Carnaval, Op. 9, is a work by Robert Schumann for piano solo, written in 1834--1835, and subtitled Scènes mignonnes sur quatre notes (Little Scenes on Four Notes). It consists of 21 short pieces representing masked revelers at Carnival, a festival before Lent. Schumann gives musical expression to himself, his friends and colleagues, and characters from improvised Italian comedy (commedia dell'arte).
The four notes are encoded puzzles, and Schumann predicted that "deciphering my masked ball will be a real game for you." The 21 pieces are connected by a recurring motif. In each section of Carnaval there appears one or both of two series of musical notes. These are musical cryptograms, as follows:
A, E-flat, C, B -- signified in German as A-S-C-H
A-flat, C, B -- signified in German as As-C-H
E-flat, C, B, A -- signified in German as S-C-H-A.
The first two spell the German name for the town of Asch (now Aš in the Czech Republic), in which Schumann's then fiancée, Ernestine von Fricken, was born. The sequence of letters also appears in the German word Fasching, meaning carnival. In addition, Asch is German for "Ash," as in Ash Wednesday, the first day of Lent. Lastly, it encodes a version of the composer's name, Robert Alexander Schumann. The third series, S-C-H-A, encodes the composer's name again with the musical letters appearing in Schumann, in their correct order.
Carnaval had its origin in a set of variations on a Sehnsuchtswalzer by Franz Schubert, whose music Schumann had only discovered in 1827. The catalyst for writing the variations may have been a work for piano and orchestra by Schumann's close friend Ludwig Schuncke, a set of variations on the same Schubert theme. Schumann felt that Schuncke's heroic treatment was an inappropriate reflection of the tender nature of the Schubert piece, so he set out to approach his Variations in a more intimate way, and worked on them in 1833 and 1834. The work was never completed, however, and Schuncke died in December 1834, but Schumann did re-use the opening 24 measures for the opening of Carnaval. Andreas Boyde has since reconstructed the original set of Variations from Schumann's manuscript Romanian pianist Herbert Schuch has recorded this reconstruction, with his own editorial emendations, for the Oehms Classics label.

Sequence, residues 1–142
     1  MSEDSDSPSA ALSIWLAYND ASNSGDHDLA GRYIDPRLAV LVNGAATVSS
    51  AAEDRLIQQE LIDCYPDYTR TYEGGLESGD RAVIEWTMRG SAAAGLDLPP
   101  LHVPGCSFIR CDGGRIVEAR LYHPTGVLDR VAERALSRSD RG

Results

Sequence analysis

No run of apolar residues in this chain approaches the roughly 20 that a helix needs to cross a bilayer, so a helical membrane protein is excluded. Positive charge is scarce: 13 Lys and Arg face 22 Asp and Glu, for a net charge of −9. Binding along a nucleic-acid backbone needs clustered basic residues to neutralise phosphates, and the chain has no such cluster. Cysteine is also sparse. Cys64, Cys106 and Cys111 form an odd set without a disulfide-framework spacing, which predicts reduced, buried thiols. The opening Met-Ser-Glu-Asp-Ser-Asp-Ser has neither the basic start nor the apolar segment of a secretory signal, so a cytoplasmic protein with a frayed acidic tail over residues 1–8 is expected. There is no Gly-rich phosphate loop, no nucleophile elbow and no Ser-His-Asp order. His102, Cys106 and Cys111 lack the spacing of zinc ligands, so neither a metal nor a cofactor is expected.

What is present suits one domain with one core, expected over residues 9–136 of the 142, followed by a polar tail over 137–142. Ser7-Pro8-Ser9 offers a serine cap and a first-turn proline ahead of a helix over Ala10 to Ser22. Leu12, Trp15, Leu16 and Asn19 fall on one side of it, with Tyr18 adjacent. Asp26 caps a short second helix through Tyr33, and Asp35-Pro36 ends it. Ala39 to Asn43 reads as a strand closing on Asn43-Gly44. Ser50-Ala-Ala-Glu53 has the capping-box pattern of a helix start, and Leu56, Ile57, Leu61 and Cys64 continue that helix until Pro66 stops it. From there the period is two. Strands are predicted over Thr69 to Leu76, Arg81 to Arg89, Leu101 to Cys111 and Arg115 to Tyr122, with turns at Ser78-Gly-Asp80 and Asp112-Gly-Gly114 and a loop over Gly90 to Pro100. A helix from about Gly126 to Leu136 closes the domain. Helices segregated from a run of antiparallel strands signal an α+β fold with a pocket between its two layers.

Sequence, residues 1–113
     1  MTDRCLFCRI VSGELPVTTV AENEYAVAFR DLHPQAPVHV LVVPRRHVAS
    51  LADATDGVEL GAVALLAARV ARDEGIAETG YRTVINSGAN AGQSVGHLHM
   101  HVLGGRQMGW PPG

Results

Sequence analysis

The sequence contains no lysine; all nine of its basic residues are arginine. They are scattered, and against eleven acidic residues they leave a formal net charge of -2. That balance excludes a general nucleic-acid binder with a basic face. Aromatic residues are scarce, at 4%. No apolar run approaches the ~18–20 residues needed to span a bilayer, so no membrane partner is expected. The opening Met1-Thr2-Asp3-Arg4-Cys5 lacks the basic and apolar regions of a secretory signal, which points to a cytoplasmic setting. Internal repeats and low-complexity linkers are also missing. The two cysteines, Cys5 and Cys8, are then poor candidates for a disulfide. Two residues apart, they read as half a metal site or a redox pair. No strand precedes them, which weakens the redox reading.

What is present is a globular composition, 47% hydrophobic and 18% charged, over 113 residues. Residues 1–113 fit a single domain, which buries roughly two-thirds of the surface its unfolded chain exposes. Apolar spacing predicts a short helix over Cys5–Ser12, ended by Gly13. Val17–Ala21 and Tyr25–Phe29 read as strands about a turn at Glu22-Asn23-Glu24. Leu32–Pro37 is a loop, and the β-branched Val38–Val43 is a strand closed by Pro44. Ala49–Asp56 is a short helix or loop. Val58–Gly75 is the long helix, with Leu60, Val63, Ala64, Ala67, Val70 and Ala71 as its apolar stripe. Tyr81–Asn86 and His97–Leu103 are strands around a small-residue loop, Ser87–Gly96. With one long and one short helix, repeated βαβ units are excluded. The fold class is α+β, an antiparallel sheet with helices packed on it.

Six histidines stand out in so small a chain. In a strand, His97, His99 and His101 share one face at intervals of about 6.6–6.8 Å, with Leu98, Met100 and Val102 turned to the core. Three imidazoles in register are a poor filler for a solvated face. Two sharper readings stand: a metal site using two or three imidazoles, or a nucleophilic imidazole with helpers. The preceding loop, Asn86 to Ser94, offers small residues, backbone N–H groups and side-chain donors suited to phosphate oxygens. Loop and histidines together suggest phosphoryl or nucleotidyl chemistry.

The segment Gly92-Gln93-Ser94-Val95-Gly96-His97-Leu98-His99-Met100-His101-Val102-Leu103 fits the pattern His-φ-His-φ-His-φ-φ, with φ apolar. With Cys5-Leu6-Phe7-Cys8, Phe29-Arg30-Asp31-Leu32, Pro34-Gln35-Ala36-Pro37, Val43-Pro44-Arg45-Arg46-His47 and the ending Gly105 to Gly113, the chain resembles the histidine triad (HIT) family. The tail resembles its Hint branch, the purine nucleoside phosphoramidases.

In Carnaval, Schumann goes further musically than in Papillons, Op. 2, for he himself conceives the story of for which it serves as a musical illustration. Each piece has a title, and the work as a whole is a musical representation of an elaborate and imaginative masked ball during carnival season. Carnaval remains famous for its resplendent chordal passages and its use of rhythmic displacement, and has long been a staple of the pianist's repertoire.
Schumann dedicated the work to the violinist Karol Lipiński.
Both Schumann and his wife Clara considered his solo piano works too difficult for the general public. (Frédéric Chopin is reported to have said that Carnaval was not music at all, although Chopin did not warm to Schumann on the two occasions they met briefly, and had a generally low opinion of his music). Consequently, the works for solo piano were rarely performed in public during Schumann's lifetime, although Franz Liszt performed selections from Carnaval in Leipzig in 1840. However, today, despite its immense technical and emotional difficulty, it is one of Schumann's most often performed works.
Heinz Dill has mentioned Schumann's use of musical quotes and codes in this work. Eric Sams has discussed literary allusions in the work, such as to novels of Jean-Paul.
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Original Wikipedia article: https://en.wikipedia.org/wiki/Carnaval_(Schumann)
Classical music piece performed by: Charlie Albright, piano
Licensed by: Isabella Stewart Gardner Museum, Boston
Music license: CC BY-NC-ND 2.0
Schumann's portrait by courtesy of Bibliothèque nationale de France
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